[085] The 5k that wasn’t

Swim: 0 m/80,600 m

Bike: 8.9/575.4 miles

Run: 6.6/168.1 miles

For a while, running a 5k has been a mid-level goal in the back of my mind. I’ve run races from 8k right on up to the marathon, but I’ve never run a 5k. For such a small race, I hoped to find something that fit several criteria – close to home, convenient time, fast course and low price. And, honestly, I hadn’t been looking that hard to find one.

But last week I casually checked out the local race club’s web site and was surprised to find a 5k race that was just about 10 minutes from my house and only a few days away. Better yet, the price was only $15. It was a low-budget affair, so the course details weren’t available online, but the web site said it was USTF certified. So I decided to stop by the race site on Friday to sign up for Saturday’s run.

After my money had been paid, I found out that the course was actually a 2-loop affair through a local park. Immediately my heart began to sink – so much for the “fast course” that I had hoped for. The trails were packed gravel – not great for traction when running at top speed. Two loops meant the faster runners (hopefully me) would be catching up with the walkers on the second loop, and possibly getting held up on the narrow trails. Also, the course was filled with sharp s-turns and 90-degree angles, which would further inhibit speed.

But I brushed all this off and showed up ready on race morning. I got in a brief warmup in the parking lot and, at the appointed time, lined up at the start. The man with the bullhorn yelled “Go!” and we took off. I was immediately at the front of the pack with another runner (Blue-shirt Guy) as we navigated the twisting trails. The first part of the race went well – my pace was hard but not untenable and the course marshals were eager to point us in the right direction as the course winded across fields, through parking lots and onto the trails.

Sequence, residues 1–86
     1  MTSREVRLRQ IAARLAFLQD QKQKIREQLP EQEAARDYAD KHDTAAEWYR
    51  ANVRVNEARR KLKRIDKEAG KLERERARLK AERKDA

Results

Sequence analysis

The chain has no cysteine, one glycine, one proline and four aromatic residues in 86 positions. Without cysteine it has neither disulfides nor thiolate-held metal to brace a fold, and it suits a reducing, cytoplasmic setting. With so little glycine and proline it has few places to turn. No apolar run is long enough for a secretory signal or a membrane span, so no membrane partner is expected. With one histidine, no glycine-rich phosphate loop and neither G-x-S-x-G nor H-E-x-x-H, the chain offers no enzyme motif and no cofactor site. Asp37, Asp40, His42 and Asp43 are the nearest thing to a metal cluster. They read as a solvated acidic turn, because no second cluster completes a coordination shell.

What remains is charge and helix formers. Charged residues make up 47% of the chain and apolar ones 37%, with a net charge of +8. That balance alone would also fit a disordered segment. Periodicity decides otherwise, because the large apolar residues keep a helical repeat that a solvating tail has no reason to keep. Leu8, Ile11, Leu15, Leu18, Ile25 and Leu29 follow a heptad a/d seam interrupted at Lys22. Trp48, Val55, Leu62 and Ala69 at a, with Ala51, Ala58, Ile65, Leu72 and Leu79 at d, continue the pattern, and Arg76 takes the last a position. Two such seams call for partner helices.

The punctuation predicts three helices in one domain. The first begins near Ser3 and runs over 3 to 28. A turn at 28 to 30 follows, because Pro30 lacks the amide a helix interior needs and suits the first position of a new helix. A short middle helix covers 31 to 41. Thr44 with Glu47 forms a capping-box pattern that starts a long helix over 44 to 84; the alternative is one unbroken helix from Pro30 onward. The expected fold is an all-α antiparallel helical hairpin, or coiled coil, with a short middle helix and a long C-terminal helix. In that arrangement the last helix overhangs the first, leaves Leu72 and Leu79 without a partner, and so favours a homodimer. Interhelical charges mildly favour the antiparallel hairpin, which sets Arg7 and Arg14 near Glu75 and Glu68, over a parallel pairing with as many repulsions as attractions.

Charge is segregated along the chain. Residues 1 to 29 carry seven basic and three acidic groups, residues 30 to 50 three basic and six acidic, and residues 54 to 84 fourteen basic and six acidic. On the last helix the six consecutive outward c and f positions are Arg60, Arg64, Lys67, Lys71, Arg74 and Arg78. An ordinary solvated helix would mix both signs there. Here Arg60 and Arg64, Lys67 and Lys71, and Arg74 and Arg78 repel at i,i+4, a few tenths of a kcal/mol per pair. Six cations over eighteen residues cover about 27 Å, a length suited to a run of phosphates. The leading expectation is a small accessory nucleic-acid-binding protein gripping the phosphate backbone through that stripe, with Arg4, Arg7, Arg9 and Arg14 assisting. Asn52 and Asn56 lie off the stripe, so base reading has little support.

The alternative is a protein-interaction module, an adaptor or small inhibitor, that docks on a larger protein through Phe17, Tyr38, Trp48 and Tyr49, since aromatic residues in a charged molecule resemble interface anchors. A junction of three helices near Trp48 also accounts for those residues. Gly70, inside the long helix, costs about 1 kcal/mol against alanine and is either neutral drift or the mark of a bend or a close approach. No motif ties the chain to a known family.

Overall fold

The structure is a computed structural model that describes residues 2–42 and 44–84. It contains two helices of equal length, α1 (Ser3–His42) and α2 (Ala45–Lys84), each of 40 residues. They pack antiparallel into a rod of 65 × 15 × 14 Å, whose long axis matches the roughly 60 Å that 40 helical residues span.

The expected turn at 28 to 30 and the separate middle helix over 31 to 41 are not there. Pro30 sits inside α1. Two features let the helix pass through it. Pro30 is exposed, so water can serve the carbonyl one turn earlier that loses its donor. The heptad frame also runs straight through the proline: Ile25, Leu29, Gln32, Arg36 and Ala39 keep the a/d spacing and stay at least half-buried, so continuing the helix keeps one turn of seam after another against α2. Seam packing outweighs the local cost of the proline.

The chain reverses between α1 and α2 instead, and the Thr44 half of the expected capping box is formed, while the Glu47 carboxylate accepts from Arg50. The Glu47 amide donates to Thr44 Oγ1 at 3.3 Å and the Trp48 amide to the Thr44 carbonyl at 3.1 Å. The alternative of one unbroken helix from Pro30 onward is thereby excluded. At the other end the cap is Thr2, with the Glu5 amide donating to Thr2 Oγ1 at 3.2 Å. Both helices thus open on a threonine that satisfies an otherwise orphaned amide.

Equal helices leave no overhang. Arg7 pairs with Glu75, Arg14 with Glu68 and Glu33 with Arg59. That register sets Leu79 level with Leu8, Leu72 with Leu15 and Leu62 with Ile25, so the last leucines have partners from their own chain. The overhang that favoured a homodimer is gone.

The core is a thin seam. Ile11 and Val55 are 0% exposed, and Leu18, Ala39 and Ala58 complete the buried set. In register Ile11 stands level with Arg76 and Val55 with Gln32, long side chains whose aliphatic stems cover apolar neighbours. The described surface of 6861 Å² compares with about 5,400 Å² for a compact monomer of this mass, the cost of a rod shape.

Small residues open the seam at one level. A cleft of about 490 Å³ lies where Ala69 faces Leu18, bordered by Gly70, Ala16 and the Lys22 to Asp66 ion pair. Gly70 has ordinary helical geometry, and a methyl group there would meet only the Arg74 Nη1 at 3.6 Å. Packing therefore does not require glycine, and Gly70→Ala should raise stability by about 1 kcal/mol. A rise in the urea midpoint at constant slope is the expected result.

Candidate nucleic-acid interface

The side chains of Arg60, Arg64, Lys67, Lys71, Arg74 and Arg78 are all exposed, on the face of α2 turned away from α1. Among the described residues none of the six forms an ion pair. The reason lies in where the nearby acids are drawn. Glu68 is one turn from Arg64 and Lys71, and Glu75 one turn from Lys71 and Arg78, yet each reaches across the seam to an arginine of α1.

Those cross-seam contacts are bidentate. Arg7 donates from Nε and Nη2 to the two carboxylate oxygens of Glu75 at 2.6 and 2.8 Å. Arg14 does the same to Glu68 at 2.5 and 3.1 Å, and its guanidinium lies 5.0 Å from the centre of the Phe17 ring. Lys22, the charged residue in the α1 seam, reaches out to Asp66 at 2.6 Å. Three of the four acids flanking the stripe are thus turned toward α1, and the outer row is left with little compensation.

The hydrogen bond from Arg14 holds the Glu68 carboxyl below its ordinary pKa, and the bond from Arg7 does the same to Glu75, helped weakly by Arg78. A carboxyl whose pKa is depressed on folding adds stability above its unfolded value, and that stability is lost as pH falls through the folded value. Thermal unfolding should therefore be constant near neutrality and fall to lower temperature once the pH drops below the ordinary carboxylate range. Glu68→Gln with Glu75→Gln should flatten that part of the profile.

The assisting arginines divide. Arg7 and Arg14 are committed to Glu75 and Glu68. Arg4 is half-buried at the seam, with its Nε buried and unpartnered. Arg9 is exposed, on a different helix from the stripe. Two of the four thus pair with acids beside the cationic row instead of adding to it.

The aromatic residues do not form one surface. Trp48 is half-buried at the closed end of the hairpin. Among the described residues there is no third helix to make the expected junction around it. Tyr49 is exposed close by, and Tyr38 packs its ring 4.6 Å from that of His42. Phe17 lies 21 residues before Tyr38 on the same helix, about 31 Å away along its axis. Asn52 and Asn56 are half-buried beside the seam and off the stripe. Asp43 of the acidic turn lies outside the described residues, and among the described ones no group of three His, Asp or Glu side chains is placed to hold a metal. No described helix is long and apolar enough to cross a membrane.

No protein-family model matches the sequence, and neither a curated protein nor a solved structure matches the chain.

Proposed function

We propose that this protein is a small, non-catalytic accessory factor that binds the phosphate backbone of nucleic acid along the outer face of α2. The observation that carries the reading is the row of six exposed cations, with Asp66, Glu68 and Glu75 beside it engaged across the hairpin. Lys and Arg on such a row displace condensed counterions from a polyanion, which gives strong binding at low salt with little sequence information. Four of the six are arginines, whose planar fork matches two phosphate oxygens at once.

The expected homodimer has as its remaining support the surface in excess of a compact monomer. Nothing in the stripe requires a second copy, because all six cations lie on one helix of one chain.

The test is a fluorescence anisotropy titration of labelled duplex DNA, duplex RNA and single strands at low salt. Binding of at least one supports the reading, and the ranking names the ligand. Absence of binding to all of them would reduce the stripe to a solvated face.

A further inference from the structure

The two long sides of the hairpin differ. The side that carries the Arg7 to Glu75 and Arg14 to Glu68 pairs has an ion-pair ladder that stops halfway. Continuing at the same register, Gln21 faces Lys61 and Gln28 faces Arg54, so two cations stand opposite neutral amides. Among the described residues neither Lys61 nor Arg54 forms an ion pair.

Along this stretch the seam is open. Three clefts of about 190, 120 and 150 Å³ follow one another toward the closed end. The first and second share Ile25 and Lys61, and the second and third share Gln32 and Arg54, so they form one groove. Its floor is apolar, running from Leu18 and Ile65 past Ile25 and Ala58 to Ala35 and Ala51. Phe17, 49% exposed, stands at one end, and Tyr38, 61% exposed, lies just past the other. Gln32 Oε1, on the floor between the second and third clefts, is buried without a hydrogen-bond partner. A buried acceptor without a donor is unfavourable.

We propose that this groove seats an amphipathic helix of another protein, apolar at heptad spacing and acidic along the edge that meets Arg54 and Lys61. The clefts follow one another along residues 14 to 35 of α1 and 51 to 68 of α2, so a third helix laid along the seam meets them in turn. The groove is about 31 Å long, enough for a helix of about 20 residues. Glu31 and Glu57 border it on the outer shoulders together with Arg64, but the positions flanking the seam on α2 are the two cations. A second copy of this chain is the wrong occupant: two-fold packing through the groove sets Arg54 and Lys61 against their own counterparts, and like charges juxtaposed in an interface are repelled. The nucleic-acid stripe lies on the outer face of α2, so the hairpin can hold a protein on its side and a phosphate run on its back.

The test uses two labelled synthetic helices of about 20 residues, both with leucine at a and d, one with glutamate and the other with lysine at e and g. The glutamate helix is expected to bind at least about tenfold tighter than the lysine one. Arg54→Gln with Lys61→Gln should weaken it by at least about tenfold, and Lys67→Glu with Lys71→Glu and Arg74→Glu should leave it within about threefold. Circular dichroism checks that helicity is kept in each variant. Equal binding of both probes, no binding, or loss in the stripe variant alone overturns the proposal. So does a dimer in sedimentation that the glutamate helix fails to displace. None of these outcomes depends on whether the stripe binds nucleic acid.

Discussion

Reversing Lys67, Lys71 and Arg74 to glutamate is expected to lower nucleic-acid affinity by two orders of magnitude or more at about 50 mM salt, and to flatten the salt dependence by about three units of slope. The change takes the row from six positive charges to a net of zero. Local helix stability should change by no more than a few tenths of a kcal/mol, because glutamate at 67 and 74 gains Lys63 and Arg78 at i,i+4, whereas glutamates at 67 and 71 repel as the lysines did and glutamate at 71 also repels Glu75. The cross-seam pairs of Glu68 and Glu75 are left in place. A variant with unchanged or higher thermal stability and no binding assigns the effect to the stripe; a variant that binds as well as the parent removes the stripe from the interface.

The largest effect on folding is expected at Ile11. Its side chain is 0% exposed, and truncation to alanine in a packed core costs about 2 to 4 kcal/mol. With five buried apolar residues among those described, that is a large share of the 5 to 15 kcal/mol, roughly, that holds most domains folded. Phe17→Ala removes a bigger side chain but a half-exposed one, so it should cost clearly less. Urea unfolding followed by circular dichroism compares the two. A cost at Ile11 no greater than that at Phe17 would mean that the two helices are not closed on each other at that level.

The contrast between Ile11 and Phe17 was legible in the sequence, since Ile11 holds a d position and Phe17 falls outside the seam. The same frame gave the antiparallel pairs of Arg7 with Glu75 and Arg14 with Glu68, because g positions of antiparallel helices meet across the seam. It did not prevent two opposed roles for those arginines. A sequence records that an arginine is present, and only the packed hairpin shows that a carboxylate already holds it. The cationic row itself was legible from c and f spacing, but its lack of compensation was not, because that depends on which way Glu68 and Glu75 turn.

Blue-shirt Guy pulled ahead pretty quickly and I found myself running alone. It’s difficult to race with no one to pace against – I didn’t know how fast I was going or what my strategy should be. So I just kept it steady. Before long I heard more steps behind me, but it became obvious that they weren’t ready to pass and I sped up during the straight sections to add distance between us.

The second main loop came quickly, and the course was now full of walkers and slower runners. However, they seemed to be aware of the situation and kindly moved aside as the first wave started to come back around. And soon Blue-shirt Guy was back in my sights.

There was about a half-mile between the main loop and the finish area, and as we came out of the second loop the marshals seemed a little confused about where to send us, since they were simultaneously directing the folks who were still on their first loop. We made another circuit of the half-mile area and, as we approached the main loop again, everything fell apart.

Blue-shirt Guy, still in the lead, turned right onto the main trail loop. I was sure that this wasn’t correct, since the course directions had specified only two loops. I looked to the marshals for guidance as I approached, and one of them literally shrugged his shoulders in confusion. I came to a dead stop. The runners who were trailing close behind me caught up, and Blue-shirt Guy was backtracking. Confusion reigned as runners, struggling to remain polite and understanding, just wanted to know where to go next. No one seemed to know. Somehow a consensus was reached to head left and circle back to the start area, so that’s what we did.

Of course at this point the second-place position I had worked to solidify was destroyed – the faster runners had all caught up and were beginning again as if it was the start line. Somehow I immediately took the lead as I sprinted off in the new direction, but I could hear the feverish steps of the others right behind me, unrelenting and pressuring me as I led the group.